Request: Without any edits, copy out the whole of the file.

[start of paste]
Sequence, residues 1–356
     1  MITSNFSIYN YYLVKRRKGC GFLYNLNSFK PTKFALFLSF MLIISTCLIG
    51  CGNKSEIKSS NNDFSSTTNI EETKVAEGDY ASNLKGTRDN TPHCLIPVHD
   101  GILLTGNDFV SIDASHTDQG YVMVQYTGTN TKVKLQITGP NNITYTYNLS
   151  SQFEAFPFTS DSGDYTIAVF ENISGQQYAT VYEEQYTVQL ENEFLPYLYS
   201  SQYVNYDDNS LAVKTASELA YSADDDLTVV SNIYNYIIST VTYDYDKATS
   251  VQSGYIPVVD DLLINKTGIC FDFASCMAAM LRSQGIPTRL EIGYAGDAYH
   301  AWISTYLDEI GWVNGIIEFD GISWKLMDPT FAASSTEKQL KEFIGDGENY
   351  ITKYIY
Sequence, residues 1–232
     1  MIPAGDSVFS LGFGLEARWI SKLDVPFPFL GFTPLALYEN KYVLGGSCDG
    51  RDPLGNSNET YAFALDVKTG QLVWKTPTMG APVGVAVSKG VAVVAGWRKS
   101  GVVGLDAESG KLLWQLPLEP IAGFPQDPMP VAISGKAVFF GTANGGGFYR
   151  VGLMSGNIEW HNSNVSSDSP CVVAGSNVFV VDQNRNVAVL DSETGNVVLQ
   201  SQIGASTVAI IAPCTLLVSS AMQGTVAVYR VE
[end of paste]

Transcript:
Sequence, residues 1–356
     1  MITSNFSIYN YYLVKRRKGC GFLYNLNSFK PTKFALFLSF MLIISTCLIG
    51  CGNKSEIKSS NNDFSSTTNI EETKVAEGDY ASNLKGTRDN TPHCLIPVHD
   101  GILLTGNDFV SIDASHTDQG YVMVQYTGTN TKVKLQITGP NNITYTYNLS
   151  SQFEAFPFTS DSGDYTIAVF ENISGQQYAT VYEEQYTVQL ENEFLPYLYS
   201  SQYVNYDDNS LAVKTASELA YSADDDLTVV SNIYNYIIST VTYDYDKATS
   251  VQSGYIPVVD DLLINKTGIC FDFASCMAAM LRSQGIPTRL EIGYAGDAYH
   301  AWISTYLDEI GWVNGIIEFD GISWKLMDPT FAASSTEKQL KEFIGDGENY
   351  ITKYIY
Sequence, residues 1–232
     1  MIPAGDSVFS LGFGLEARWI SKLDVPFPFL GFTPLALYEN KYVLGGSCDG
    51  RDPLGNSNET YAFALDVKTG QLVWKTPTMG APVGVAVSKG VAVVAGWRKS
   101  GVVGLDAESG KLLWQLPLEP IAGFPQDPMP VAISGKAVFF GTANGGGFYR
   151  VGLMSGNIEW HNSNVSSDSP CVVAGSNVFV VDQNRNVAVL DSETGNVVLQ
   201  SQIGASTVAI IAPCTLLVSS AMQGTVAVYR VE